Sensory storytelling: what are artists’ responsibilities when creating immersive digital…

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Linda Raftree
I’m currently working part-time with Plan International USA and serving as a special advisor to the Rockefeller Foundation’s Evaluation Office. I convene Technology Salons in New York City and am a co-founder of Kurante, a start-up consulting firm. Linda's posts are from her blog called "Wait...What?"

Karen Palmer is a digital filmmaker and storyteller from London who’s doing a dual residence at ThoughtWorks in Manhattan and TED New York to further develop a project called RIOT, described as an ‘emotionally responsive, live-action film with 3D sound.’ The film uses artificial intelligence, machine learning, various biometric readings, and facial recognition to take a person through a personalized journey during dangerous riot. Karen Palmer, the future of immersive filmmaking, Future of Storytelling (FoST)  Karen describes RIOT as ‘bespoke film that reflects your reality.’ As you watch the film, the film is also watching you and adapting to your experience of viewing it. Using a series of biometric readings (the team is experimenting with eye tracking, facial recognition, gait analysis, infrared to capture body temperature, and an emerging technology that tracks heart rate by monitoring the capillaries under a person’s eyes) the film shifts and changes. The biometrics and AI create a “choose your own adventure” type of immersive film experience, except that the choice is made by your body’s reactions to different scenarios. A unique aspect of Karen’s work is that the viewer doesn’t need to wear any type of gear for the experience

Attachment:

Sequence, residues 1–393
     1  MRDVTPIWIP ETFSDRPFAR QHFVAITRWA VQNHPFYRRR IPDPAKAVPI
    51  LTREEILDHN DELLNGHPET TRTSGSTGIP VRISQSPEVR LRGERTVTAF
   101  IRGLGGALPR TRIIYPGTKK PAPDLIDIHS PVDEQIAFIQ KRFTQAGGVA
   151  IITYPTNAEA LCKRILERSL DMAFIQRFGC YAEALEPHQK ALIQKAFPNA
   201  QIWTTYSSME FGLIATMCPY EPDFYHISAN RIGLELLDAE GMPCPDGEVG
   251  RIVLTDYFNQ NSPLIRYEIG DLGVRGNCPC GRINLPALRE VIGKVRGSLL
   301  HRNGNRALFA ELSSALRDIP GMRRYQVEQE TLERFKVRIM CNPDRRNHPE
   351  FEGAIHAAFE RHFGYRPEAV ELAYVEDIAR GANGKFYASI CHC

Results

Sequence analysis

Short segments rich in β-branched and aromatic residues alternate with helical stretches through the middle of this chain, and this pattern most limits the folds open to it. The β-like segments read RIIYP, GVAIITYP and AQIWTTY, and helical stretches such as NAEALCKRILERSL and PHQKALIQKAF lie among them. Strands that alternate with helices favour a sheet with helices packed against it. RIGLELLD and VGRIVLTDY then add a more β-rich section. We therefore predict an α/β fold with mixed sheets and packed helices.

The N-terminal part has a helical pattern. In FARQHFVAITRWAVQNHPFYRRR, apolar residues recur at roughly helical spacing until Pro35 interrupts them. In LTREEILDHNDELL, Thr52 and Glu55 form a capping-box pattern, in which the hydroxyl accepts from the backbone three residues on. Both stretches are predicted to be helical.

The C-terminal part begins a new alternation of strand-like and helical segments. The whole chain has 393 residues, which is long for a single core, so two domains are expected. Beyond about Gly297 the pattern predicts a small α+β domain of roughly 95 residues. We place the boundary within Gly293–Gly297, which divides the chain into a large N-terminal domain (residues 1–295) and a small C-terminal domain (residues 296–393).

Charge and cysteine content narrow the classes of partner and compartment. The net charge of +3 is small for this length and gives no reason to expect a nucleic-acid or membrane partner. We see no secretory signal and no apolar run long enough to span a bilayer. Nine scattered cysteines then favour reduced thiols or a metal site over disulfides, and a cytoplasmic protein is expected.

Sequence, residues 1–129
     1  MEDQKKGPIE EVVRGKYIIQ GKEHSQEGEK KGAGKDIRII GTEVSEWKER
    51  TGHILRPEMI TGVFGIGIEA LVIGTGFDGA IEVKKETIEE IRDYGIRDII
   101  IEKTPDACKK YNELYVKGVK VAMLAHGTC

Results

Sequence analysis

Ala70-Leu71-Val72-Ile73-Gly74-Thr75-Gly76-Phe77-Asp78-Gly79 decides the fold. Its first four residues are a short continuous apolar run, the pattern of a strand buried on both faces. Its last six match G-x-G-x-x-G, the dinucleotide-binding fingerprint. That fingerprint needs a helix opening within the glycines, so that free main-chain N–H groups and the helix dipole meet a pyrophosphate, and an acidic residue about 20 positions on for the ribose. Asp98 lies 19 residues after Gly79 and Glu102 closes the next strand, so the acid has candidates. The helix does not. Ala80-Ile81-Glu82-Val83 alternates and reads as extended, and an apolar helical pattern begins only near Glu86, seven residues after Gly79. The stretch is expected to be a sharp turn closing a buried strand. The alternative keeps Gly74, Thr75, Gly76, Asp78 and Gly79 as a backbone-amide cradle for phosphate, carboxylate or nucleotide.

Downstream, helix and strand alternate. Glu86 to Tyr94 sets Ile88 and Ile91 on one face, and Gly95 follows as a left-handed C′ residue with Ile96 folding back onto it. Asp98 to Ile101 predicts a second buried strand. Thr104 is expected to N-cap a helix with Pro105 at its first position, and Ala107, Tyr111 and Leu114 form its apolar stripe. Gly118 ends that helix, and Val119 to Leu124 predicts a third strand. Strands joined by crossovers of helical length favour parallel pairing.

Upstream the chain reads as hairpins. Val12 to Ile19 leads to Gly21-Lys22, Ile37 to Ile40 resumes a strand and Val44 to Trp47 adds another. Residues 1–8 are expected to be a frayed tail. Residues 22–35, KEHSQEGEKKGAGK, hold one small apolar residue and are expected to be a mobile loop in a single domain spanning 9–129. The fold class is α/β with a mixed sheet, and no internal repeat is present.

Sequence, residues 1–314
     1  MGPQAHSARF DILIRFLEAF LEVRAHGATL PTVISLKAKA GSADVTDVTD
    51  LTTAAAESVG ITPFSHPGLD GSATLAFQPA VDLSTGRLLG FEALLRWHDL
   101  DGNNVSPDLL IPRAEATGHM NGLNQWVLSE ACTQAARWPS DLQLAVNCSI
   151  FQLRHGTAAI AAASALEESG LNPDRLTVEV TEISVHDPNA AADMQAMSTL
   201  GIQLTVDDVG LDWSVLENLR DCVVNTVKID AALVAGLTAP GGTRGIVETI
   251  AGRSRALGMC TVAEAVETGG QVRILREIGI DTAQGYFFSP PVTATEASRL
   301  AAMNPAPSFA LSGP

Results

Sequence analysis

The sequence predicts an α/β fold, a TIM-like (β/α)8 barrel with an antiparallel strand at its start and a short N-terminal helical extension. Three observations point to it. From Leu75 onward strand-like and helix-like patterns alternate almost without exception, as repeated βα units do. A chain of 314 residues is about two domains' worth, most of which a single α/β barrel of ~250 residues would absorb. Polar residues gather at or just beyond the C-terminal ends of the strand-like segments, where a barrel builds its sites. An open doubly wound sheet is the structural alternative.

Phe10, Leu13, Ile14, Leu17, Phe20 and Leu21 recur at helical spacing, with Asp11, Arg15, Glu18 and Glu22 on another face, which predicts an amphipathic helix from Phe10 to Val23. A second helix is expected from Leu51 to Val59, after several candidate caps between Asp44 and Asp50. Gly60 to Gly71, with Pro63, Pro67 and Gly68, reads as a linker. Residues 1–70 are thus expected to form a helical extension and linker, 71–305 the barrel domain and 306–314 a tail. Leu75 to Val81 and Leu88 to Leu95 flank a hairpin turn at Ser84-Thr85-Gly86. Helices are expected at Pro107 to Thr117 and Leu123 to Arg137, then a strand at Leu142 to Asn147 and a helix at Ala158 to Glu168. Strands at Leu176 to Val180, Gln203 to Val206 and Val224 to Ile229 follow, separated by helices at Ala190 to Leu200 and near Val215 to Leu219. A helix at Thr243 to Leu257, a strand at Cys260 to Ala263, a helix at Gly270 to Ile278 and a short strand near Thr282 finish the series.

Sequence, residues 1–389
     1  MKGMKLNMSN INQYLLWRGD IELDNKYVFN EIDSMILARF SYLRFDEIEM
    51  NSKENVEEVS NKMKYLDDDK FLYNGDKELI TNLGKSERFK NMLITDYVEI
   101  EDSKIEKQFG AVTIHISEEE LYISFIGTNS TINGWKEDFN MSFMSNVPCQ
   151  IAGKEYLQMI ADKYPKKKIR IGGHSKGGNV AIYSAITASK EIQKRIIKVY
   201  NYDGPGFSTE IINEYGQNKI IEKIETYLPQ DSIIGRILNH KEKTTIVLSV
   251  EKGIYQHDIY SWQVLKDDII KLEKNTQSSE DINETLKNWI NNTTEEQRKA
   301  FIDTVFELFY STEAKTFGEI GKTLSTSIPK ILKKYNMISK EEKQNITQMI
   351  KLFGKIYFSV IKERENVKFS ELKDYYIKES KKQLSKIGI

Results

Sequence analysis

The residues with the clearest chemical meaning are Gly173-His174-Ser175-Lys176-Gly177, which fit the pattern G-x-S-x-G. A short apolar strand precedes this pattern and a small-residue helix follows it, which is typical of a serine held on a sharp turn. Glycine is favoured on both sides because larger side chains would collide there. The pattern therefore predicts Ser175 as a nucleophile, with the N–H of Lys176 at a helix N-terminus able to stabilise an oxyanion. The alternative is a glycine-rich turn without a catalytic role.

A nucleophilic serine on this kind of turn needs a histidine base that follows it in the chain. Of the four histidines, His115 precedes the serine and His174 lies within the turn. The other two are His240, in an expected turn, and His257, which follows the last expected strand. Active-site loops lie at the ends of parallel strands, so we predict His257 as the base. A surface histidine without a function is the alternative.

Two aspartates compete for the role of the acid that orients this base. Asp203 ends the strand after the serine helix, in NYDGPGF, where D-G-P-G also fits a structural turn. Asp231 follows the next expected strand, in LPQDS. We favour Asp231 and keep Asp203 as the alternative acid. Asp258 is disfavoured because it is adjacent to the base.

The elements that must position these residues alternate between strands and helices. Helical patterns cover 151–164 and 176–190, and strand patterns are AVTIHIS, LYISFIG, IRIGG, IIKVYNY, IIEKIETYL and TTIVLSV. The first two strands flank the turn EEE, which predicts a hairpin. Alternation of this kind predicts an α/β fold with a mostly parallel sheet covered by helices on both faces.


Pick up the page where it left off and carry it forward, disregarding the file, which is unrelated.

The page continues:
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Sensory storytelling: what are artists’ responsibilities when creating immersive digital…